Who loves planting spuds? They are so easy, and need so little maintenance when growing. Just water, some well rotted manure dug into the soil, and bung them in a trench.
In our neck of the woods (southern Victoria) it is planting time. Normally I plant them a few weeks before the last frost is expected, so that when they shoot, the weather should be warming up.
Remember back to when I kinda half expected the large chickens to dig out all that Kikuyu grass in the garden bed near their cage?
Well they did a pretty good job, however the grass was so embedded in the soil, that Ben and I spent about two hours digging over the entire bed and ridding it of all the roots.
The bed was then dug over with lots of chicken manure, wood ash and charcoal from the clay oven, and some blood and bone, and left to rest for three weeks.
Then I dug a trench which was about 20cm deep (~8″). The soil was so friable, that it was a pleasure to dig. Lots of worms and no sign of the manure that I put in a few weeks ago.
Due to the construction of this bed, I can only fit in one row, so I made it a long one!
I planted Royal Blue seed potatoes, and planted them 30cm apart (1′).
You can seed from the photo that I was being quite specific, and even had my tape measure out for the job. It is just my way.
As I bought these spuds about three weeks ago, all of the eyes had chitted (grown sprouts), so I planted their eyes facing upward.
There were 13 seed spuds in the bag, and I just got to the end with the final spud. Hopefully a bumper crop in the making.
Upon the final spud, I then backfilled with my little shovel, and filled in the trench. Nothing too hard about it at all.
I mounded it further by adding a little more dirt that I collected from around the chicken run, and gave it a rake to smooth it all out.
On Wednesday, when I clean out the chicken house, all of their litter will go on the bed to mulch the bed. This will be the final layer, and add a bit more phosphate to the soil. I will water it in well, and hopefully we will have lots of potatoes around late January when the plants die back.
Who else has potatoes in the ground, or is planning to plant soon? For those readers in the northern hemisphere, is it time to harvest your spuds?
Got some spuds sitting on the bench waiting for me to pull my finger…I mean waiting for the eyes to grow a bit more…no, really.
They probably won’t go in until next week.
The other job in the garden is to get the tomatoes started under glass to get them producing by Christmas.
Jamie Woodside says
I just found a bunch of volunteer potatoes when I turned the compost pile the other day. They were small but looked very healthy. Potatoes do GREAT here in Alaska! I’ll be harvesting the spuds that I planted on purpose in about another month or so.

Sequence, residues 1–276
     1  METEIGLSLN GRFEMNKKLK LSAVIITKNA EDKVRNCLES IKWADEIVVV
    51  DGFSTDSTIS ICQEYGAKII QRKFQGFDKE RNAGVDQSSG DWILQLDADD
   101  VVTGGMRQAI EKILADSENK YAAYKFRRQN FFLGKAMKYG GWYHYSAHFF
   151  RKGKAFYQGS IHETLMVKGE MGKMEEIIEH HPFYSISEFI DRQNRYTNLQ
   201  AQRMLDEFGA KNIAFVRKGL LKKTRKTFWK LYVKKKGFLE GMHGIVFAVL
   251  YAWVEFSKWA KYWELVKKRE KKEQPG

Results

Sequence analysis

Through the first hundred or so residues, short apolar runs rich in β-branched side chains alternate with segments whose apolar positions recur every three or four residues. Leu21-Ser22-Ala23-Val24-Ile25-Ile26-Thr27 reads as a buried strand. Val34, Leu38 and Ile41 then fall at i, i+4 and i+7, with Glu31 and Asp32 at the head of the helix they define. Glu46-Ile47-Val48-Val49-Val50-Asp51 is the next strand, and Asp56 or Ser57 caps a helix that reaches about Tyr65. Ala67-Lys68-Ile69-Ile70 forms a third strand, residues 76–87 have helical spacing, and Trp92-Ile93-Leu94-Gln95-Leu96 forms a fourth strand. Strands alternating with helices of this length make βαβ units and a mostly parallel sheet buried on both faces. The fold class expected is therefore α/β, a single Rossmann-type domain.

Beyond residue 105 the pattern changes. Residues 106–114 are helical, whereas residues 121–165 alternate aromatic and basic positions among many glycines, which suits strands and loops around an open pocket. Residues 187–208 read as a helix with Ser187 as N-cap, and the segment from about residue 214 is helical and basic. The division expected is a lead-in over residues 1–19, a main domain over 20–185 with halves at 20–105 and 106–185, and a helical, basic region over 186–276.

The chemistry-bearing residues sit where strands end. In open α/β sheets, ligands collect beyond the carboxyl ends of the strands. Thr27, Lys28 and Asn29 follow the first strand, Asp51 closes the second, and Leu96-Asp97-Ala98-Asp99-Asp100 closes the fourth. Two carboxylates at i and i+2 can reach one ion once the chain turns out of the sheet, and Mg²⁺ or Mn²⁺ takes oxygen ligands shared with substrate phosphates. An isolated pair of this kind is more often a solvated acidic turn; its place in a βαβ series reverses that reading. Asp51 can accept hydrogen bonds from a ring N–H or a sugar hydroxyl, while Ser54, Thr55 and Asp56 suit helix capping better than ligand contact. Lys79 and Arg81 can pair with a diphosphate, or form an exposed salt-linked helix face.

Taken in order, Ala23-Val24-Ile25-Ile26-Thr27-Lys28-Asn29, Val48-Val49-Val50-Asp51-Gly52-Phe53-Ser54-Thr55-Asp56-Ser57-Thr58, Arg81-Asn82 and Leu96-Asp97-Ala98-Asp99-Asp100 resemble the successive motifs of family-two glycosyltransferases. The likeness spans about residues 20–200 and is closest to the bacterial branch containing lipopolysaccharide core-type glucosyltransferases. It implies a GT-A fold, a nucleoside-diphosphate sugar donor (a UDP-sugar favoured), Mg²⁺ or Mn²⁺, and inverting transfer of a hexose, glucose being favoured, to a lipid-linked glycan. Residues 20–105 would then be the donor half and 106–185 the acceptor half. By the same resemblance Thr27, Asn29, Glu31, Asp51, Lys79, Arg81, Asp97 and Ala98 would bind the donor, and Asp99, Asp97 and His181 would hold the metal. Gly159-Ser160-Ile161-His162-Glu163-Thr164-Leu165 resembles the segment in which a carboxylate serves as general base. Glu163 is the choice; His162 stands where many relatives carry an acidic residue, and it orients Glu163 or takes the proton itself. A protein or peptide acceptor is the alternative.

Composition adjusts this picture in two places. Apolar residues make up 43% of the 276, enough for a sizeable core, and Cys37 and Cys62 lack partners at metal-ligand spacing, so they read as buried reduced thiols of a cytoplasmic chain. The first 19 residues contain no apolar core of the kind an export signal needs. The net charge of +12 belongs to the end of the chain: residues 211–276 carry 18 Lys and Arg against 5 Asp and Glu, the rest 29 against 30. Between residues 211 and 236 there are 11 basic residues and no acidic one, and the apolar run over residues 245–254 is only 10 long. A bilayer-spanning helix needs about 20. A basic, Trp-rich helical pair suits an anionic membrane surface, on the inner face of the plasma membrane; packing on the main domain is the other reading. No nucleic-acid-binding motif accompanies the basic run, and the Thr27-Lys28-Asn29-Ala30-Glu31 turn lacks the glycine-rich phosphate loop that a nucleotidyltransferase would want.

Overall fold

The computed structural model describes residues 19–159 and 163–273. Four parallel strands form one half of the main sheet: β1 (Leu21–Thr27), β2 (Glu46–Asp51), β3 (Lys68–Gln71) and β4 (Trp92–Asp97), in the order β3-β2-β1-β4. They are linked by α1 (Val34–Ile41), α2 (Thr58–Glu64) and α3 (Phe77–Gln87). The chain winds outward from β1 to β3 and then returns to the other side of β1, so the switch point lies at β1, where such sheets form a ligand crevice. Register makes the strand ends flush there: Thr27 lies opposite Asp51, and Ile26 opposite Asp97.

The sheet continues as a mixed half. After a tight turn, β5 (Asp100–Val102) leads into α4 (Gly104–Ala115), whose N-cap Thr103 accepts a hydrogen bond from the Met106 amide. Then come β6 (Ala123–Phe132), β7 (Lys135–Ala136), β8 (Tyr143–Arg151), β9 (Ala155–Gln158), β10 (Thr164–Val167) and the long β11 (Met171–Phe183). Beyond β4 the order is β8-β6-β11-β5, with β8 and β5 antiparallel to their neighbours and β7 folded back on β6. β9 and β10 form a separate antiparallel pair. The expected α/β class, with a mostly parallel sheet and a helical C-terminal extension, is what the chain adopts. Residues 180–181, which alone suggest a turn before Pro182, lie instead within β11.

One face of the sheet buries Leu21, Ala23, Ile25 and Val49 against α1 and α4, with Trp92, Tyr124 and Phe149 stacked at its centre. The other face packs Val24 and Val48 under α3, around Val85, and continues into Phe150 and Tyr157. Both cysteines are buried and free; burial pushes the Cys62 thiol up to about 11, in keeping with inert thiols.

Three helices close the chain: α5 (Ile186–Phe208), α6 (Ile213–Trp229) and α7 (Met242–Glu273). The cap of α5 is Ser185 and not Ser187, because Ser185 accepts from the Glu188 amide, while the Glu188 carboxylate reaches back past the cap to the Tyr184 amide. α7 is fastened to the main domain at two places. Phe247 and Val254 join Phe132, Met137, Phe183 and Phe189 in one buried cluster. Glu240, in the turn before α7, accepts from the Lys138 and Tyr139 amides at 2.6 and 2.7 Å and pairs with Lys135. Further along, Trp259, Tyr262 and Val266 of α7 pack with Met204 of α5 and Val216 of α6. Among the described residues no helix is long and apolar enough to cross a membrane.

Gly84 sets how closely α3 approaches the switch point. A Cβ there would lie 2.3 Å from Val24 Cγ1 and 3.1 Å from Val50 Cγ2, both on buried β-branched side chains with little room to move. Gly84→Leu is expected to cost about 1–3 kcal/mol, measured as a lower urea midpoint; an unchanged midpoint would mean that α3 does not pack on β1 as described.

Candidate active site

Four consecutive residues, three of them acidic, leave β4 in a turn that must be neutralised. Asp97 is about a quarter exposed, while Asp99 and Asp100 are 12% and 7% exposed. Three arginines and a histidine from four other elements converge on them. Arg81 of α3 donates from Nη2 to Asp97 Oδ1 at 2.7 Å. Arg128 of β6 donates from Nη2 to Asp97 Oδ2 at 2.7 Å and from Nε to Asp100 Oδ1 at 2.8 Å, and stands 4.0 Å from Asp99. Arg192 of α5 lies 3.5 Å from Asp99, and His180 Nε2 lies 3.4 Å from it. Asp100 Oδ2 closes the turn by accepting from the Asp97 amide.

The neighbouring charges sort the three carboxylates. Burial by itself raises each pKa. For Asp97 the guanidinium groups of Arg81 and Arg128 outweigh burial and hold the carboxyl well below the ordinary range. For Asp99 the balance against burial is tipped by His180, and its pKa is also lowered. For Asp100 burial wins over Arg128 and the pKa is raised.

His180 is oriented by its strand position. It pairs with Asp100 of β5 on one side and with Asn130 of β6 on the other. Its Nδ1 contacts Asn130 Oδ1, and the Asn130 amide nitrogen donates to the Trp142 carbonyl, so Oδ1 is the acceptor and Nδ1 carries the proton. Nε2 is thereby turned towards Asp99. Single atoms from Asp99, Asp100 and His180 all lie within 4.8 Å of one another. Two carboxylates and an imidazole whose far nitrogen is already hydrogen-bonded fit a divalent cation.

Here on Vancouver Island, I am just watching my potato plants start to wilt down, so I know harvest is coming soon. Russet Burbank and Kennebec. I planted in late May, and we had a great growing season, damp and not too cool through July, and now hot, dry in August. We planted two 30m rows and a half row, with 30cm spacing.
Now beginning to enjoy our own spuds here in central France. It hasn’t been very wet this year so they aren’t very big but that suits us fine.No blight either. However we have had a bad infestation of Colorado Beetle which has affected the growth; We have tried various ‘treatments’ to eradicate them but nothing has worked so far. Any one got any ideas?
Helen in France
Here in central Canada (Manitoba – 50 miles from the US border) my potatoes have all died back but I’ll leave them in the ground until the end of September/early October. It depends on how severe the frost is likely to be. I like to grow the variety Yukon Gold which have a yellowish colour and shallow eyes which don’t hold the dirt. I plant a few in my greenhouse for some very early ones and risk a bit of frost. When I first came to this property it had never ever been cultivated in a million years and I had to create a garden from virgin bush. As soon as the potatoes were up Colorado Beetles appeared from nowhere, though I guess they flew in on a southerly wind from the USA. For the last two years there have been no Colorado Beetles at all which is amazing. What I used to do is pick them off by hand every day or even 2 or 3 times per day, dropping them in an old ice cream container filled with water and some dish soap which makes them sink and drown. When the numbers get too great and the grubs are doing lots of damage I sprinkle with Rotenone sold as louse powder; I believe it is classed as ‘organic’.
That’s my 10 cents worth.
As soon as we buy our house (auction in 18 days and we WILL get it) and settle, I will be up there the day of settlement to build my veggie beds and the first veggies going in are spuds (Nicolas and sapphire blues) and onions. A little late but hoping we make it in time.